- eBay – You’ll find antique and vintage Coke bottles from all over the world here, including some very rare and valuable examples.
- Reggie’s Antique Coca-Cola Bottles – This is a great place to find unusual Coke bottles for sale all over the internet, including personal listings from collectors.
- Coca-Cola Corner – Here, you’ll find a good selection of bottles from throughout Coca-Cola’s history including straight-sided and contoured styles with many different labels.
Be wary of online auction descriptions that claim bottles with damage such as chips or cracks are in “nice” or “good” condition. Chips and cracks significantly lower the bottle’s value.
Coke Bottle Values
Scanning through the bottles for sale can give you a sense of their value, but it’s important to remember these are the prices sellers are asking for these items, not the prices people were willing to pay. Looking at sold prices gives you a better sense of what that bottle is worth. Values can range from a few dollars to hundreds or even thousands:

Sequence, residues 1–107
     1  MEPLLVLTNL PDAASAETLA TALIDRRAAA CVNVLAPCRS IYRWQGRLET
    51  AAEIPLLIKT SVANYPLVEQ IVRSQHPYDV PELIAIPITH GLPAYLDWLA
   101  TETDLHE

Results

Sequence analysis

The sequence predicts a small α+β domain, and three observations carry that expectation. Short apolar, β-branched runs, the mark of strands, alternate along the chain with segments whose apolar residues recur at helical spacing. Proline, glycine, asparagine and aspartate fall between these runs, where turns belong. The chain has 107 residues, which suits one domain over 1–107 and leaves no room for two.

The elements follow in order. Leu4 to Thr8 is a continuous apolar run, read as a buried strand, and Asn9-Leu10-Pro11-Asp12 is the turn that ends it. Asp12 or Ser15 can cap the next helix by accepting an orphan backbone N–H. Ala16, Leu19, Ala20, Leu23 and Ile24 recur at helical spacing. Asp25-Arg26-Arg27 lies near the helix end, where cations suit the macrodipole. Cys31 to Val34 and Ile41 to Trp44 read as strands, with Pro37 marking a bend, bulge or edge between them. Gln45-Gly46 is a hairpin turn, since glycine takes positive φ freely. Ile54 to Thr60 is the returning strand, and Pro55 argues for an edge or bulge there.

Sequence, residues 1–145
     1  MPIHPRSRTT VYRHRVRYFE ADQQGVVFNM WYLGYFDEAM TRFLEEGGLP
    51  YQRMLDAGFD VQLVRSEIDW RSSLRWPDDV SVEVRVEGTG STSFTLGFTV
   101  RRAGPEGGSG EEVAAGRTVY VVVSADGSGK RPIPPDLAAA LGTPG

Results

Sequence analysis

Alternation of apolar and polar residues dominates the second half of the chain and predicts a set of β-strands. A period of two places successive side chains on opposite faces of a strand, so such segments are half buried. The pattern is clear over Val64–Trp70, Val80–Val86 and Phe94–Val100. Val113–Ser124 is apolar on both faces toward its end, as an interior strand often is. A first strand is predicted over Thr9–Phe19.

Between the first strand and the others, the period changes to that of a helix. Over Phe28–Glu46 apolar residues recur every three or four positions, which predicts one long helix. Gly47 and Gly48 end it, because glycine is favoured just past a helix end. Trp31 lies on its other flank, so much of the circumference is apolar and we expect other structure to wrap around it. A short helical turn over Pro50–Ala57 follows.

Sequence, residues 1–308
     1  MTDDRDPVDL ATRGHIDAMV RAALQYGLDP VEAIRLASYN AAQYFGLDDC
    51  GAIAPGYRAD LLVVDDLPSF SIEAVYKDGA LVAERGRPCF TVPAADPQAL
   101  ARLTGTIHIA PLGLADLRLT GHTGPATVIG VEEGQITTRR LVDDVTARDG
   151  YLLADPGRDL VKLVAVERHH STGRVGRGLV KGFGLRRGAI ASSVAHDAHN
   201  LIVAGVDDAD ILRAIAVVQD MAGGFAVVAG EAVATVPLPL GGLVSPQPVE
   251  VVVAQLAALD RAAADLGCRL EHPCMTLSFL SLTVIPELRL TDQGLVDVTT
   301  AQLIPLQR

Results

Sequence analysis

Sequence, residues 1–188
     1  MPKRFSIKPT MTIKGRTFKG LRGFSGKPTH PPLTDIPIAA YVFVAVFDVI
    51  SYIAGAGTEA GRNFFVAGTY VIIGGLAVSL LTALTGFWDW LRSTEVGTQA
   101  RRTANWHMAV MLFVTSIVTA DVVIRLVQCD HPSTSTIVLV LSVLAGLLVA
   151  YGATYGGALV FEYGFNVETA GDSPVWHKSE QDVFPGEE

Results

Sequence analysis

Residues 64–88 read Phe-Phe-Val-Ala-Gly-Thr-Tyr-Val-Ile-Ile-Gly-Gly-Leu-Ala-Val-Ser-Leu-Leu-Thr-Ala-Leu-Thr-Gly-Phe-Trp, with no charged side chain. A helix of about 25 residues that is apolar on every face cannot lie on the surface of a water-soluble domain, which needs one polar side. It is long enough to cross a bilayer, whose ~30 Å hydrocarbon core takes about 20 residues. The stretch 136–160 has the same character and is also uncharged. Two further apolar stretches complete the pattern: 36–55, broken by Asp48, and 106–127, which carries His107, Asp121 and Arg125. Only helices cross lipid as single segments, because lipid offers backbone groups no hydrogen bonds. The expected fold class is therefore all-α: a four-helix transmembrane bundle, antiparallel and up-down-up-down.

- Regular, vintage Coke bottles start at around $10, and anniversary models or special editions can sell for about $30, reports Country Living.
- Despite their age, many bottles are not especially valuable because there were so many made, according to the Coca-Cola Company. However, very rare Hutchinson-style bottles in excellent condition can be worth as much as $4,000.
- A Hutchinson-style bottle made by one of the very first Coke bottlers in Mississippi recently sold on eBay for $375.
- An unusual amber glass straight-sided Coke bottle from Pennsylvania sold on eBay for $43.
Keep in mind errors were common on Coke bottles, therefore a misspelled word does not necessarily add value to the bottle. Variations were also commonplace.
Many items from well-known companies are collectible because of the nostalgia involved. Old Spice, Avon, and Texaco are all companies whose brands are collectible because they remind consumers of a simpler era. Enjoying, collecting, and displaying old Coca-Cola products is a popular pastime for many hobbyists and collectors. Learn as much as you can and then begin looking for pieces to add to your collection. Just make sure “It’s the real thing.”